Celda-Mae Tyndall

Celda-Mae Tyndall
Teamwork makes the dream work they say and a collective of Gray’s School of Art graduates and staff have rallied together to open Aberdeen Ceramics Studio.

Bringing the city’s first ever ceramics workshop for budding creators to get up close to the craft, the space at Deemouth Business Centre offers classes in clay throwing and hand-building.

Behind the scenes are six artists who are a mix of alumni and staff from Gray’s School of Art who spotted a crucial need for a studio its kind in Aberdeen. With its opening on fast approach, we managed to creep into the diary of alum Celda-Mae Tyndall to get a sneak peek of the studio and find out more about the road to opening.

Following their graduation in Three-dimensional Design at Gray’s in 2021, Celda moved back with her parents in Fife where she still fell into jewellery-making before delving into a ceramics degree.

Despite her continual development in her creative ventures, setting up a business was never in her future plans, “I didn't see myself as ever running a business, never mind running three,” they reflected.

“I had my degree in ceramics under my belt but didn't have the space to carry on the craft or the money to buy the equipment.

“But when I started the job search, it wasn’t so straightforward for me. Job opportunities for creatives are always a bit limited but with my disability, finding a work environment that suits me limits me even more.   

“I thought, ‘well, the only job opportunity is one I can create for myself’ and that’s what I did. I fell back into Jewellery and started to build that as a business.”

The studio

Aberdeen Ceramics Studio logo

Celda and partner AJ – a former winner of The Great Pottery Throwdown – soon moved into a joint studio space where they both worked on their creative endeavours. With a space to focus on the production of a statement jewellery range, Celda still kept up her interest in ceramics. They used both practices as storytelling device to display impactful and empowering messages through their light-hearted and modern style.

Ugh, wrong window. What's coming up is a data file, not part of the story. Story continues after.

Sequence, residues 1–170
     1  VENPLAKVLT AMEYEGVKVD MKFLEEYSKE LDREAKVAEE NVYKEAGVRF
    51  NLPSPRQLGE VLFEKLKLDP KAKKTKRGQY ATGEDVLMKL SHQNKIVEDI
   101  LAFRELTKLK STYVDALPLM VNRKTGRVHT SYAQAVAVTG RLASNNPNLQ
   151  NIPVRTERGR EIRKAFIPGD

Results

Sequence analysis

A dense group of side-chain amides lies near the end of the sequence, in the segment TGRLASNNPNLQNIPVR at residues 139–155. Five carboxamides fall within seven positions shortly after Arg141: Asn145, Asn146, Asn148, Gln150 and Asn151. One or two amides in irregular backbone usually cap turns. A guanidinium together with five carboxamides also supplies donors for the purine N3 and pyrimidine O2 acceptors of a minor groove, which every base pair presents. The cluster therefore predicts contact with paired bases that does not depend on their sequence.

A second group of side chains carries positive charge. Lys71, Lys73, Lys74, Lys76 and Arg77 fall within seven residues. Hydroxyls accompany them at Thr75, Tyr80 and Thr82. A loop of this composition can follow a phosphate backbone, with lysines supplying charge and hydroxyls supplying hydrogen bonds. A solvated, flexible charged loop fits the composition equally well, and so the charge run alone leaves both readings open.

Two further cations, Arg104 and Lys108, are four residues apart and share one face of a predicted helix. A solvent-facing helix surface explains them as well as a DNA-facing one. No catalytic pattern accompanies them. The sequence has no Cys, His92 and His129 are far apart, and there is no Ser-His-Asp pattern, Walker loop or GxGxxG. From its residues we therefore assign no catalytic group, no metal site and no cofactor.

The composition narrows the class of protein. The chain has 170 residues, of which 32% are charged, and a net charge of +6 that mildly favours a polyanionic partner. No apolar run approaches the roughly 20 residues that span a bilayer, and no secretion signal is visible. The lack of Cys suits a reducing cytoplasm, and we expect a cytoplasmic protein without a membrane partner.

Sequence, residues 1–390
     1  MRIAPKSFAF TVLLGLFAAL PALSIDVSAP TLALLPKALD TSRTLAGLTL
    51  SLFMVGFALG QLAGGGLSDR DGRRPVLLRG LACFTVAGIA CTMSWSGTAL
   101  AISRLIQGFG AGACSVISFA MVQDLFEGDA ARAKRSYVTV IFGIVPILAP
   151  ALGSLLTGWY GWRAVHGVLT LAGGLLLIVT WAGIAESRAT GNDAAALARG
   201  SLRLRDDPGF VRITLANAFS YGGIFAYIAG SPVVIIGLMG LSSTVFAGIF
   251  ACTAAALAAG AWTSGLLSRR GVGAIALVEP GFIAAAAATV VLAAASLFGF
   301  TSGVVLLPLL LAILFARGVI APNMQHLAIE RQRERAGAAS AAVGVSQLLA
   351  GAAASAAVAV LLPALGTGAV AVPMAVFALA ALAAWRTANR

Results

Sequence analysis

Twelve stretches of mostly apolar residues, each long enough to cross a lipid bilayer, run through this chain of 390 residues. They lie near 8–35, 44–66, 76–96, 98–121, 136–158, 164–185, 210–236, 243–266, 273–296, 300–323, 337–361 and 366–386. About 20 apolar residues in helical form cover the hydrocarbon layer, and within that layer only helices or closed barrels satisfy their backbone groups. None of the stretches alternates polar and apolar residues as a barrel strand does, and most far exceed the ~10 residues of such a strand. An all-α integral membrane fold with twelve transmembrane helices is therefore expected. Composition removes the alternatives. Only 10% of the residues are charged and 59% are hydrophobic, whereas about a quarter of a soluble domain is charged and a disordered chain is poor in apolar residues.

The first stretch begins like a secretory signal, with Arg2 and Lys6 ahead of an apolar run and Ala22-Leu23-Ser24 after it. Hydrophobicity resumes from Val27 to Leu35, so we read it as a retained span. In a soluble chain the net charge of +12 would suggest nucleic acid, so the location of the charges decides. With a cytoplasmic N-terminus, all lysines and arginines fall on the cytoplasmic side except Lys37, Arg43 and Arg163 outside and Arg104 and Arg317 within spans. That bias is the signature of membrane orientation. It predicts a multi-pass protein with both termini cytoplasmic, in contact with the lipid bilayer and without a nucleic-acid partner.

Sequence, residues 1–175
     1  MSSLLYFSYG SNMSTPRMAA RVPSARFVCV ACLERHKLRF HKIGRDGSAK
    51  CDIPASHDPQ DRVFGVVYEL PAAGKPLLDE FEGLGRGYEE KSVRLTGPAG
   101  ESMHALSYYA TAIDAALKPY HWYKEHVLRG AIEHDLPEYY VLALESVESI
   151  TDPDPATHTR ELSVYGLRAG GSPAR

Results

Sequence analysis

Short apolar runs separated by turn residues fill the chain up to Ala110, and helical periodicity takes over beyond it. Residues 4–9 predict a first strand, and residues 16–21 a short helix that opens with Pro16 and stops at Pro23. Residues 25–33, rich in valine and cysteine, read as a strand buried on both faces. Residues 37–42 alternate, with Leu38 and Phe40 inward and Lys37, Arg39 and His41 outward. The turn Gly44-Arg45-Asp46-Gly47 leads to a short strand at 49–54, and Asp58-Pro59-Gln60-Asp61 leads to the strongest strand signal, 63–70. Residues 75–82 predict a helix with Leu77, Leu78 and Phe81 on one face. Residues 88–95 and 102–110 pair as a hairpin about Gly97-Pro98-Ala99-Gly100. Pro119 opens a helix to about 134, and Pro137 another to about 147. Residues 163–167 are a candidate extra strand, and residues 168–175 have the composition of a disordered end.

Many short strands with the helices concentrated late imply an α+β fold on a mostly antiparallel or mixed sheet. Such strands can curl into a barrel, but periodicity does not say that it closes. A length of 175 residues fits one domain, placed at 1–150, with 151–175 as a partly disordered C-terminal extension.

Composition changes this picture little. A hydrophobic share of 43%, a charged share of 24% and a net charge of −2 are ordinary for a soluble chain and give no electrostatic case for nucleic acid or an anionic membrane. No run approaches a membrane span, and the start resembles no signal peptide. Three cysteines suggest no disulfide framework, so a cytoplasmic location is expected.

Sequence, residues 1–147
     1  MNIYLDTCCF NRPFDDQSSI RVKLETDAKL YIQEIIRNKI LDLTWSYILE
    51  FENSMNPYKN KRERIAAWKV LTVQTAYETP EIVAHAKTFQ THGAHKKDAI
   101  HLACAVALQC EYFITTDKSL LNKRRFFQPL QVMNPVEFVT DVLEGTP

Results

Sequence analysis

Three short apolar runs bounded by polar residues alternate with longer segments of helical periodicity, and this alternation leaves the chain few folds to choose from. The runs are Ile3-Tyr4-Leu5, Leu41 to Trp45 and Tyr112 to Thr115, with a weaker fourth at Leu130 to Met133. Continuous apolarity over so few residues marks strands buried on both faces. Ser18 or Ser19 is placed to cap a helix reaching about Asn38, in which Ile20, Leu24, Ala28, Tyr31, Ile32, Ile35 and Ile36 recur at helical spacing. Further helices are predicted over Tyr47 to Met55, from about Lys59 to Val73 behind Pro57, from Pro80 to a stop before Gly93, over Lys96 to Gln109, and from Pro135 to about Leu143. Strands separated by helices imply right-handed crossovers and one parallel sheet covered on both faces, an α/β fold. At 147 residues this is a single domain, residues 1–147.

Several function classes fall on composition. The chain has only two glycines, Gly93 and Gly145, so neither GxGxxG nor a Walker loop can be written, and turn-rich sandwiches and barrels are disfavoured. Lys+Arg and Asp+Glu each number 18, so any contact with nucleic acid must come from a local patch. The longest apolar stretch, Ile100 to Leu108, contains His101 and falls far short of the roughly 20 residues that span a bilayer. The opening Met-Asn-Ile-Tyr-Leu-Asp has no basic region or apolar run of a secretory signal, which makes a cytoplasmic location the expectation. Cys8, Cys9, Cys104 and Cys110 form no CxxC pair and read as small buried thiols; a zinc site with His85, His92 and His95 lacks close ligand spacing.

But as they worked up their pieces, the desire to do more for the local creative community continued to grow, especially for the local ceramics scene.

They said: “Moving into a joint studio space with AJ really planted the seed on creating a bigger ceramics studio to connect with other artists and create together. We thought ‘Wouldn’t it be great to have a space that had all the materials, equipment and space to save people the hassle and create a community’.

“We got together with alums Aimee Morris, Amy Benzie along with lecturers Kevin Andrew Morris and Matthew Willcock and before we knew it, we were taking part in RGU’s StartUp Accelerator to build our idea into a business. We secured £10,000 of funding through the programme and a further £6,000 through crowdfunding which allowed us to put plans in motion and get the business off the ground.